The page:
As adults, we know the importance of managing our money. If we are parents, we also understand the value of teaching our children financial literacy skills early in life. At Summit Financial Resources, we believe that instilling positive financial behaviors in our kids will help them grow up to be money-savvy adults.
A study by researchers at the University of Cambridge shows that children can grasp concepts like saving and spending at age three, and by age seven they will have formed their money habits. With this in mind, and in honor of “Take Our Daughters and Sons to Work Day”, we asked our team to share some of the money management lessons they are teaching to the children in their lives.
Lesson: Earn the money to buy what you want.
“Unfortunately, this generation of kids has zero concept of money or the value of it. While many of my kids’ friends seem to get whatever they want and more, my kids have to earn the money for the things they want unless it’s for a birthday or Christmas. Often times this ends up being something as simple as keeping their rooms clean, feeding and walking our dog, or clearing their plates and silverware after dinner. I want to get across the concept of working for what they want, rather than having everything given to them.” – Jeff Dunbar, V.P., Business Development
Lesson: Understand the value of a dollar.
“It’s important that young children understand the importance of a dollar early on in life. We’re teaching our kids how money works and what things cost. For their birthdays, a grandparent will typically give them dollars based on how old they are. This year our daughter turned five, so she received $5. We brought her to the store and let her pick out what she wanted. She chose a toy that cost $10, and we explained that she would have to save up in order to buy it. On the other hand, she realized she could choose a smaller item like a pack of gum and still have money left over.
She decided that she really wanted the toy AND the gum. She was able to buy the gum, put the rest of the money aside, and when she received additional dollars for her birthday, we went back and got the toy. She cherishes the toy that she bought with her own money more than other toys she has. Not only did she learn the value of a dollar, she understood that the other presents she received for her birthday also cost money.” – Andy Disch, VP, Business Development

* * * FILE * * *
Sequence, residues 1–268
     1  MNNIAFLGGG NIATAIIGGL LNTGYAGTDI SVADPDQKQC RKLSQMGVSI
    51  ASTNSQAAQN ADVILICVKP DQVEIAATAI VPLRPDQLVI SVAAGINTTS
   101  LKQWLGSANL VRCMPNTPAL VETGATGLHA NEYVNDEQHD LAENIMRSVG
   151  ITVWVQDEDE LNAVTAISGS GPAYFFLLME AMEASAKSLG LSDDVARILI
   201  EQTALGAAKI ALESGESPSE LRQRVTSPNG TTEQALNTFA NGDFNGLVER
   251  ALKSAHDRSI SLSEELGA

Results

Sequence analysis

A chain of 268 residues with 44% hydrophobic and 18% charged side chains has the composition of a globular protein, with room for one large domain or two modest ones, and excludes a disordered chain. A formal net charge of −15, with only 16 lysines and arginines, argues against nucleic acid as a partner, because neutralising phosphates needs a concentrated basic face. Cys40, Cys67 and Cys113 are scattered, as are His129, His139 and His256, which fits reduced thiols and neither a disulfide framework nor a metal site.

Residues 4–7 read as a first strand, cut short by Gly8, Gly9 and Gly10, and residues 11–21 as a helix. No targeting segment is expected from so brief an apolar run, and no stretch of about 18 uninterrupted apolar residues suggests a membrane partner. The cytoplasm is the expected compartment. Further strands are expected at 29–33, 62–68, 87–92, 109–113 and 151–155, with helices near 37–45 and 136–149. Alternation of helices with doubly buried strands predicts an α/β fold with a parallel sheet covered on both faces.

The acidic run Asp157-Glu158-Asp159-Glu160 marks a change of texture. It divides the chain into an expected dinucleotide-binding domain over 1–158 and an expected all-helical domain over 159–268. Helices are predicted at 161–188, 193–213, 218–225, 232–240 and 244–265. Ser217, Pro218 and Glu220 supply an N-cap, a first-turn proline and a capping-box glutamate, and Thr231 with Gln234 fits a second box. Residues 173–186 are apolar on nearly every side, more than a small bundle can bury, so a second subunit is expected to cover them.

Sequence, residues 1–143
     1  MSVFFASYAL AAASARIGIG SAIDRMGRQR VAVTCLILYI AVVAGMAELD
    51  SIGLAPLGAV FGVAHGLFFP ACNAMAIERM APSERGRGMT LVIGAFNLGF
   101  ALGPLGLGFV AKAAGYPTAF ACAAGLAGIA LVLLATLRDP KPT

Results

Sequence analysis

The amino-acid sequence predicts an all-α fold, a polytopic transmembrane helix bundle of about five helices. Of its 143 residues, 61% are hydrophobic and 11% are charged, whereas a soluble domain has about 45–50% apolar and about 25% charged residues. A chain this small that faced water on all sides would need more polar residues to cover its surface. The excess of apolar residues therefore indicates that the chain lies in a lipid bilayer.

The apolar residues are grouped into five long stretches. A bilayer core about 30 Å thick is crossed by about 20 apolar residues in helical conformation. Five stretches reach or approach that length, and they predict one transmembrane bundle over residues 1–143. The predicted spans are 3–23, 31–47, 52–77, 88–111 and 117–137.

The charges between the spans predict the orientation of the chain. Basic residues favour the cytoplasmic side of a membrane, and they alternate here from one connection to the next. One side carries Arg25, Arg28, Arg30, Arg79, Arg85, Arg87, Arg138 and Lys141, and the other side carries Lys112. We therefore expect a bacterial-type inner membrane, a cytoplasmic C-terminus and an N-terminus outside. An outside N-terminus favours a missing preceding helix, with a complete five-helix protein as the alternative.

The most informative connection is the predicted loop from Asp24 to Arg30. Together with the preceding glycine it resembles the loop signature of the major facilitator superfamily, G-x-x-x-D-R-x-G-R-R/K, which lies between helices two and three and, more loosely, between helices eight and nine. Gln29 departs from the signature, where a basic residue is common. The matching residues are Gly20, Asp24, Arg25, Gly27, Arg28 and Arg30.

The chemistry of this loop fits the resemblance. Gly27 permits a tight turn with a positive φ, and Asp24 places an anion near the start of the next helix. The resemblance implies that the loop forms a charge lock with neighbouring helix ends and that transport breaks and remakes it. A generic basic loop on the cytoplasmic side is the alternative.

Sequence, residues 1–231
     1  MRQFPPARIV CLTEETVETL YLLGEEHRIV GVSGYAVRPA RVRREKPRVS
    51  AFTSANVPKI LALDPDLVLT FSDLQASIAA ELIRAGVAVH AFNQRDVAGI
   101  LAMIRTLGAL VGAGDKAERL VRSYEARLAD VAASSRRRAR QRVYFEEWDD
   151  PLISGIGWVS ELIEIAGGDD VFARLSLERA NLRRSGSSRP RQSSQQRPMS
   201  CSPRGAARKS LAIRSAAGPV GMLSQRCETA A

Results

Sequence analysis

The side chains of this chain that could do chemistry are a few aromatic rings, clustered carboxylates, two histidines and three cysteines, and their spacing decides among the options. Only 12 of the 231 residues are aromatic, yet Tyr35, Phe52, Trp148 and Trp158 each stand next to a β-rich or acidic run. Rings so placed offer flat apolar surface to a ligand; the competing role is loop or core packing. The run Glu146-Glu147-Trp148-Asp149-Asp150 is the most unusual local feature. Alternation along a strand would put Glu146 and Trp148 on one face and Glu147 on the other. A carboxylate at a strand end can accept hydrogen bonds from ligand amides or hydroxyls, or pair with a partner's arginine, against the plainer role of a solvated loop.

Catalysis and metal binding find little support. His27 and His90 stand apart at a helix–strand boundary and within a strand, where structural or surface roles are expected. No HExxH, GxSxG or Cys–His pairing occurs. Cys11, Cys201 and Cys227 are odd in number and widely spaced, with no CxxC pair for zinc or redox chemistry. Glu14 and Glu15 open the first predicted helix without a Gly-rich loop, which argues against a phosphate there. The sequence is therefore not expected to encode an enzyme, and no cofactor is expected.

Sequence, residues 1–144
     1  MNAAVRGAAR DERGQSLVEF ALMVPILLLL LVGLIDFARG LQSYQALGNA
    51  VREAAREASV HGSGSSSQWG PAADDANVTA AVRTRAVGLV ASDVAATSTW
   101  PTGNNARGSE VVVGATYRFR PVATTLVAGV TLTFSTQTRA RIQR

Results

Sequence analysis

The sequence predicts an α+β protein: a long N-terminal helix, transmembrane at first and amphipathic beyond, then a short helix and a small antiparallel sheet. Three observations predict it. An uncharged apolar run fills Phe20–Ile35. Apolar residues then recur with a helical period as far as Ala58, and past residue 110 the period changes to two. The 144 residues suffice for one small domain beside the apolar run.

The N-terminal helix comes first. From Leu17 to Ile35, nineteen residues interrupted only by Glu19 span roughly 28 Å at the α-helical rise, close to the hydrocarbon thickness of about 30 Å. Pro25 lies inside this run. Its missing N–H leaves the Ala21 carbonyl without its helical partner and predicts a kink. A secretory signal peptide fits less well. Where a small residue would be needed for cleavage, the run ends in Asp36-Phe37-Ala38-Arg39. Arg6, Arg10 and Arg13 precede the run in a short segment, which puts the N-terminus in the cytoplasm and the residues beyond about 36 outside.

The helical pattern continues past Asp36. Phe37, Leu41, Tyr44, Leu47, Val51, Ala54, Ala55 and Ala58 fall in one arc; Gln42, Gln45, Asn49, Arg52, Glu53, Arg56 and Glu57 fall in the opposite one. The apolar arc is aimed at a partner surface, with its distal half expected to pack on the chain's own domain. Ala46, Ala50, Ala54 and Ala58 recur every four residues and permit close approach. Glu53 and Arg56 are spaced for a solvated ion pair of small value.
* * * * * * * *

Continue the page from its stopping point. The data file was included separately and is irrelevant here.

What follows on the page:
Lesson: Money comes from hard work.
“I believe kids need to understand where money comes from. Not the sky, not trees, not even from my wallet. Money comes from hard work, and there is really no other source for it. Once my son was old enough to want extra things, he needed to understand that he would have to earn the money to pay for them. I started making chore lists with dollar amounts attached to them so he could earn the money. When he was young, this might mean he could make 50 cents by vacuuming one big room. Now that he’s older, it means he can make quite a bit more by mowing the lawn.
It’s also important to set limits for spending so that kids realize parents don’t have a bottomless pocketbook. Even if there IS extra money for something, it’s okay to say no and let them experience the disappointment of not getting everything they want. Giving them the power to earn the money to pay for something they really want instills a work ethic that will (hopefully) serve them well when they enter the ‘real world!’” – Catherine Goodman, National Marketing Manager
Lesson: It’s never too early to start saving.
“I tell my teenage son it’s all about saving money when you’re young. This is something I didn’t do and, as a parent, I want him to understand how fundamentally important it is. I’m also helping him learn how to budget his money and to only have one credit card to build a credit history.” – Shawn Rockwell, Operations Specialist
Lesson: Invest in reliable transportation.
“For my kids’ first cars after graduating from college and entering the working world, I’ve counseled them to consider leasing an economical new car rather than something used or secondhand. During the first few years of your career, the last thing you want to have to worry about is reliable transportation.” – Ralph Aurelia, V.P., Business Development
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